Used Car Buying Tips

Before buying a used car do your homework and background checks

Couple Hands Driving
Good as new.

If you’ve decided to buy a used car, you’re making a smart decision. You can get a vehicle that’s almost as good as a brand-new one. But, you won’t be paying for the depreciation that begins the moment you drive away from the car lot.

Want to sure you end up with a great vehicle and not someone else’s lemon? Here are some tips to remember, whether you’re buying it from a dealer or an individual.

First, before you go shopping, do your homework.

Find out value of the vehicle you’re interested in, before you negotiate the purchase.

Plan for the full cost of ownership. Research the costs and repairs and maintenance that you’re likely to need; auto-related consumer magazines can be a great source for this information.

Make sure the model hasn’t been involved in a recall.

Once you’ve found a car you like, don’t buy it before you do these things.

Go over the car thoroughly with an inspection checklist. You can find checklists for different types of cars on auto-buying websites and in books and magazines.

Get the back story. Ask the car’s owner for maintenance records; check with the dealer and repair shop, too.

Talk to the previous owner, especially if the current owner is unfamiliar with the car’s history. Don’t be afraid to get a professional opinion. It’s a little extra cost up front, but hiring a mechanic to inspect the car can more than pay for itself in preventing problems and peace of mind.

Did you know that the Credit Union can help take the hassle out of buying a used car?

The Credit Union’s Member Showroom simplifies that used car buying process. Here, you can research cars and see what others have paid for the car you want – so you know if you’re getting a good deal. And, it’s free for members! You’ll find auto loans with highly competitive rates.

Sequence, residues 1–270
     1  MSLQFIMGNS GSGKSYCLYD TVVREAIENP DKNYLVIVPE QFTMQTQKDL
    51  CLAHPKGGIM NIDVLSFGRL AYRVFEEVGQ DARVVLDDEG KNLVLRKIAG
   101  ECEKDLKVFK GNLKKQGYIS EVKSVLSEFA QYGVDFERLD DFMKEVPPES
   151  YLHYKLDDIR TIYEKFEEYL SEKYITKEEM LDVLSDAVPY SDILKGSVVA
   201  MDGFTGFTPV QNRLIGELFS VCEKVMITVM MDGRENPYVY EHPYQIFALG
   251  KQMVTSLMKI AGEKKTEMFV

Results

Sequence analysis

Even better, won’t have to haggle on pricing, because the Member Showroom gives you an upfront price. Once you’ve decided on a vehicle, you can connect with local certified dealers to schedule a test drive and confirm availability. You aren’t under any obligation to purchase.

For more information on used car buying, check out these other great resources.

  1. Find the value of used vehicles at these resources: National Automobile Dealers Association's (NADA) Guides, Edmunds and Kelley Blue Book.
  2. The U.S. Department of Transportation website lists automotive recalls. Testing the new auto publish.
  3. To research the history of a particular vehicle, try the Department of Justice’s National Motor Vehicle Title Information System, which offers information about vehicle title, odometer data and certain damage history for a nominal fee. Also, the National Insurance Crime Bureau maintains a free database that includes flood damage and other information so you can investigate a car’s history by its Vehicle Identification Number, which is also known as VIN.
  4. Use the Car Comparison Chart to help compare vehicles during your search.